The AT&T network doesn't even support/allow the video calling standard.  So while blaming the manufacturers doesn't help when the network is also to blame.

joset01 12/5/2012 | 5:41:20 PM
re: AT&T Boss Calls for End to Mobile-Video Babel

Well, the horse is well and truly out of the gate by now, but all the big carrier cheeses on stage were talking about OTT today, too late for a proper standard now?

krishanguru143 12/5/2012 | 5:41:20 PM
re: AT&T Boss Calls for End to Mobile-Video Babel

They weren't and that is obvious by not supporting the standard set forth by GSM.  First commercial handset was available in 2006.


 


Maybe they haven't figured out how to bill it?  Would the video call count towards the tiered data plans, would it be the same as a voice call or something different?  I could see issues going between carriers, but not to implement it at all, different story.

krishanguru143 12/5/2012 | 5:41:19 PM
re: AT&T Boss Calls for End to Mobile-Video Babel

Yes and no.  OTT has no QoS, the video calling standard does; just like a voice call.  All it would be is taking the existing API's in the OS and letting the apps initiate the call.  This would require the use of phone numbers rather than just an ID though.  The individual services could handle the translation; you would just need to provide them your phone number.  So it can be done, but the reason why it won't, Apple likes to be in control.  They want everything closed, so maybe the rest of the industry should get together and lock Apple out entirely.

joset01 12/5/2012 | 5:41:16 PM
re: AT&T Boss Calls for End to Mobile-Video Babel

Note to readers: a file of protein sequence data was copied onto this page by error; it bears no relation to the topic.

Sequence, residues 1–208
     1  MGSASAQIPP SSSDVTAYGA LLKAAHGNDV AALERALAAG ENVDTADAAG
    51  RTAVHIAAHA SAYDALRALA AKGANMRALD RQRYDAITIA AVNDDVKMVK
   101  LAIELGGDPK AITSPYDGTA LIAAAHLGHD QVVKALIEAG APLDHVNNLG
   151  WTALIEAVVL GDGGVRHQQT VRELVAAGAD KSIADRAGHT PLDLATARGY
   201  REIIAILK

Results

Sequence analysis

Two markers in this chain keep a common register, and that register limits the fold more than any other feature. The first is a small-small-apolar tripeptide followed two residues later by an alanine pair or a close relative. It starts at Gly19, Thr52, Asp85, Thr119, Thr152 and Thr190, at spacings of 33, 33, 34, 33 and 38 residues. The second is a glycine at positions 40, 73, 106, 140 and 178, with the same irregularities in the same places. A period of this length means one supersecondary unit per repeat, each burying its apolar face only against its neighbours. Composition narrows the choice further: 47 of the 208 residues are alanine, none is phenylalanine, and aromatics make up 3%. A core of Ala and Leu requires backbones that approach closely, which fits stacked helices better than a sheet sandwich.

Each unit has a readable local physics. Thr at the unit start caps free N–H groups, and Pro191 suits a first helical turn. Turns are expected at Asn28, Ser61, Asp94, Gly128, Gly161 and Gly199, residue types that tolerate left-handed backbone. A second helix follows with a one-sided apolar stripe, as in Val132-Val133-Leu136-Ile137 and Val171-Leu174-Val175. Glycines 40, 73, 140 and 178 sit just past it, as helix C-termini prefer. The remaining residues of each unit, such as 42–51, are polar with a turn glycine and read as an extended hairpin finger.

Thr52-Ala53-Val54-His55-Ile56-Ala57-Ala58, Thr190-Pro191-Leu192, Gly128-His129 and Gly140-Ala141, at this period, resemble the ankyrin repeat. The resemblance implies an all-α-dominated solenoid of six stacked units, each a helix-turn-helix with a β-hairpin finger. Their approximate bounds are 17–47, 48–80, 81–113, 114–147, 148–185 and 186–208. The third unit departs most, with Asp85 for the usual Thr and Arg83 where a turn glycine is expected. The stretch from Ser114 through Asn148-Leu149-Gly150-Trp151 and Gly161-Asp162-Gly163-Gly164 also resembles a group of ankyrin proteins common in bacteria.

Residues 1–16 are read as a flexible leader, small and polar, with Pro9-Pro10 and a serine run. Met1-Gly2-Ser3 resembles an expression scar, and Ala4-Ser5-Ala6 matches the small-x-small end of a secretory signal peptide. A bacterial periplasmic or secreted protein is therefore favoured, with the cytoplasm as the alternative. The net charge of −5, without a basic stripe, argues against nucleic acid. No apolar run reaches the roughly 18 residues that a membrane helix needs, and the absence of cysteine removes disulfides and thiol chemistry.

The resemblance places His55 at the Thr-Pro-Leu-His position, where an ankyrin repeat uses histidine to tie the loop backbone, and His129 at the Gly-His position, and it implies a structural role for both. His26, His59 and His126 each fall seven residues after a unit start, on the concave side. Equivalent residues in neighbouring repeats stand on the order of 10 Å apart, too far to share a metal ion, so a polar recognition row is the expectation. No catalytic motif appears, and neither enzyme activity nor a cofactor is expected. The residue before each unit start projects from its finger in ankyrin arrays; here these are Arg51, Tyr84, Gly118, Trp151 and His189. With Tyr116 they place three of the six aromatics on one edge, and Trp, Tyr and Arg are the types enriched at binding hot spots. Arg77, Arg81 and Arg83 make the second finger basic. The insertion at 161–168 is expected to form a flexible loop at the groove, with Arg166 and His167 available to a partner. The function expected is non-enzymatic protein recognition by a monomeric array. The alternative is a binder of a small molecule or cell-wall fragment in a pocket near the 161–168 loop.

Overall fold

AT&T posted a snippet of de la Vega on site in Barcelona but I can't find a video of the speech proper anywhere:


 


http://www.youtube.com/watch?v...


 


Glad you liked the piece.


Dan

scottwhaton 12/5/2012 | 5:41:16 PM
re: AT&T Boss Calls for End to Mobile-Video Babel

It doesn't take a crystal ball to understand that if the mobile operators let video conferencing slip away, they also let voice (as a subset) slip away too.  And that would be a shame as the mobile operators still have some formidible advantages vs. the OTT players including providing QoS, an easy to dial address (a phone number) and the abiity to supply an interoperable service between the different video islands.  


 


Glad to hear AT&T not only become a proponent of this message but get to the front of the line.  


 


Scott Wharton


CEO


Vidtel, Inc.

scottwhaton 12/5/2012 | 5:41:16 PM
re: AT&T Boss Calls for End to Mobile-Video Babel

Dan,


 


Thanks for the informative post.  Was there a video of the speech that those of us not fortunately enough to be in Barcelona can watch?


 


Scott

Pete Baldwin 12/5/2012 | 5:41:12 PM
re: AT&T Boss Calls for End to Mobile-Video Babel

Cisco wants to have the network (i.e. Videoscape) become the mobile-video babelfish.


That would solve the problem, right? Maybe they just haven't had a chance to tell AT&T about it yet.  :)  Or... maybe this is a sign AT&T doesn't want to be that beholden to any one vendor...